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Seven Dictates for Schools That Accept Public Funding

By Deborah Meier — June 23, 2015 2 min read
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Today Deborah Meier writes to Joe Nathan on what makes a school “public.” Read their full conversation here.

Dear Joe,

The challenge: what makes a school “public” and what, as a public institution, is its bottom line?

A school has a public responsibility whenever it accepts public funding, above all when it rests on such public funding — be it local, state or federal.

The bottom line must be (1) the school’s concern for the common good and, (2) its willingness to pass on to the next generation the basic concepts of democracy and the skills needed to protect and nourish it.

How can we nourish democracy while keeping both these imperatives in mind? There’s a tension between the concept of “subsidiarity” (as expressed in Catholic doctrine with its reliance on decisions made close to those effected) and our obligation to the broader public and common good. It’s a tension I hope will never be resolved for good. The alternative is reliance on the power of those with most power — which is what we are suffering from now more than we suffer from the shortcomings of democratic rules.

Schools play a critical role both in protecting subsidiarity and learning habits that make undemocratic power easier to resist!

In a political system whose basic building blocks are geographic voting districts, schools can play these dual roles best if their school constituency overlaps with their political constituency. But this too is a complicated balancing act given how such voting districts have been established — often in ways that are truly dumfounding. Sometimes also in ways to encourage or discourage communities from representing diverse interests, ethnicities, etc. Here we probably still disagree.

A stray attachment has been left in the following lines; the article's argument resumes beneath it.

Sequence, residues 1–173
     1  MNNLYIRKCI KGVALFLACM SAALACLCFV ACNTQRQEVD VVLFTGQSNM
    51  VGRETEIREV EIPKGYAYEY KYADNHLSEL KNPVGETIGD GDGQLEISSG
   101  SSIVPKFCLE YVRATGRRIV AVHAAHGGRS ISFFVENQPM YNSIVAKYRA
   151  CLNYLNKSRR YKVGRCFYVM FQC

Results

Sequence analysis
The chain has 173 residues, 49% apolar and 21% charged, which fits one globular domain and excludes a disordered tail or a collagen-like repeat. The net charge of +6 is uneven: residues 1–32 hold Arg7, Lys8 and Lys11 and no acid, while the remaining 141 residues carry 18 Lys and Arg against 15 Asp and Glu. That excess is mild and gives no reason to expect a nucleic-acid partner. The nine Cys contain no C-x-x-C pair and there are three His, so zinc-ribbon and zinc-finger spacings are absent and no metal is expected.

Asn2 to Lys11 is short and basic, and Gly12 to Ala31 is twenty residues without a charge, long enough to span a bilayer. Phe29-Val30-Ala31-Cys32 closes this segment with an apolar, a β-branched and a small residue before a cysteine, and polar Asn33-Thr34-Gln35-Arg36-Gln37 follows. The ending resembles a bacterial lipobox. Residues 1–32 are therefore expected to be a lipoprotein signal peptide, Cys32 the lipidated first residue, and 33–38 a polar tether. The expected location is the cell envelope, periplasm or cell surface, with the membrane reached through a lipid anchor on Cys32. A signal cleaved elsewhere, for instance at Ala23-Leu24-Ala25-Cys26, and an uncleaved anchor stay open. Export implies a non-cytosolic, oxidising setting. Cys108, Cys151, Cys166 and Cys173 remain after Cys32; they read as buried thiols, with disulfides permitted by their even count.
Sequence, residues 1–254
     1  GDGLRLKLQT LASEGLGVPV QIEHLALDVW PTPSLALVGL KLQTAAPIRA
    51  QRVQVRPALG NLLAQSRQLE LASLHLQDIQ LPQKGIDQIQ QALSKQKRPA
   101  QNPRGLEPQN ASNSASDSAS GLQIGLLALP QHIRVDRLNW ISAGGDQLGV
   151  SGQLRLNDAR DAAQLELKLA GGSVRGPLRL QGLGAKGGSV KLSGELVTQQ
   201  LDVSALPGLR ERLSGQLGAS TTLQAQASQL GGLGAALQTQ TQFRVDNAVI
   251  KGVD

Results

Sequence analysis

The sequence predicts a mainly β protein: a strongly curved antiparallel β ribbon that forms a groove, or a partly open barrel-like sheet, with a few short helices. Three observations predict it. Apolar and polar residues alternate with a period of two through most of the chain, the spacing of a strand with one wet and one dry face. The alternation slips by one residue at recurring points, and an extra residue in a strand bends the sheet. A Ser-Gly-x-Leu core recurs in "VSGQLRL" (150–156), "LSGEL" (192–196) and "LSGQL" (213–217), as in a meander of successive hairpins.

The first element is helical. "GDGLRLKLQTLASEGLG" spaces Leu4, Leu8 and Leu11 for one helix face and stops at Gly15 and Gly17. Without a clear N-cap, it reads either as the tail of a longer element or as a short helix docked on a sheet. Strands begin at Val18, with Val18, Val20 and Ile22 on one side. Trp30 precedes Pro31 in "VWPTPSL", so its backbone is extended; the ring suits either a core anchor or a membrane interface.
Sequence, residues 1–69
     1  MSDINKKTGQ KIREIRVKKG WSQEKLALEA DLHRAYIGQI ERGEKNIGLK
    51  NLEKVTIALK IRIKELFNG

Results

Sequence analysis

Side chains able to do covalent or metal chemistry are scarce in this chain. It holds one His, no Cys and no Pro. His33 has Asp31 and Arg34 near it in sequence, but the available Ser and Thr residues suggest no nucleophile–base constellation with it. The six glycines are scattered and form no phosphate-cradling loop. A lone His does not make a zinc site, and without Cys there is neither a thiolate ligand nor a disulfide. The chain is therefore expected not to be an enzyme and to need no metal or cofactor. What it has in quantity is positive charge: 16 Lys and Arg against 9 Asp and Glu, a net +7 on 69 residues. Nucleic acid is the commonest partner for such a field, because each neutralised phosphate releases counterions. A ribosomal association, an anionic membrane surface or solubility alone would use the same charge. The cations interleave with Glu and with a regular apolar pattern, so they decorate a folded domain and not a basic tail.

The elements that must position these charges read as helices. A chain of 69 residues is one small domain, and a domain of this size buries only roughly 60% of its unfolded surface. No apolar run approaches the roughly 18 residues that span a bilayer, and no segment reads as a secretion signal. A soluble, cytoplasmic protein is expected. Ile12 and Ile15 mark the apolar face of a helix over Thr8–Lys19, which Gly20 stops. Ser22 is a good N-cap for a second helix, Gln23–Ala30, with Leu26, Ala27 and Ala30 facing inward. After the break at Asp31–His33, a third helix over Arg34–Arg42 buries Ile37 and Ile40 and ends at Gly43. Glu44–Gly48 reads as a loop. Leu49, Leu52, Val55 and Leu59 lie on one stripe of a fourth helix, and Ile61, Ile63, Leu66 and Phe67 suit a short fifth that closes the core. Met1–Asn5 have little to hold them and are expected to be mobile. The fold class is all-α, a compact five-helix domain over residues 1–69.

Instead of arguing about charters vs. “regular” public schools it might be more useful to explore from scratch what kind of dictates should apply to any school that rests on public funding. Dictates that leave also wide room for experimentation as well as just plain differences of opinion

Such as these seven. We agree that:


  1. All those who are part of the school’s constituency should have a central decision making voice, particularly families and staff, with additional representatives of broader tax-paying public as well, where appropriate, the students.
  2. The school’s leadership should above all be chosen by the local constituents referred to above, with preference given to the views of staff and families.
  3. On matters of finances, hiring/firing of staff, curriculum, and assessment, there be freedom and transparency.
  4. Teachers should have an unhampered right to join a Union of their choice and have a system of due process rights.
  5. Each school community should develop a system for external review.
  6. Each school community should be able to adopt or develop its own forms of assessment.
  7. Sufficient time should be allotted to school staff of at least x hours month for professional concerns, x full hours a year for meeting with families; and that families should by law have x paid days off to visit and meet with school personnel.

Just seven examples of what we might agree on!

What do you think?

It’s been such fun, Joe. We may disagree on how dangerous the agenda of the hedge-funders et al is, and the role of geographically open choice but I think we are extremely close when it comes to what we must fight for.

The opinions expressed in Bridging Differences are strictly those of the author(s) and do not reflect the opinions or endorsement of Editorial Projects in Education, or any of its publications.

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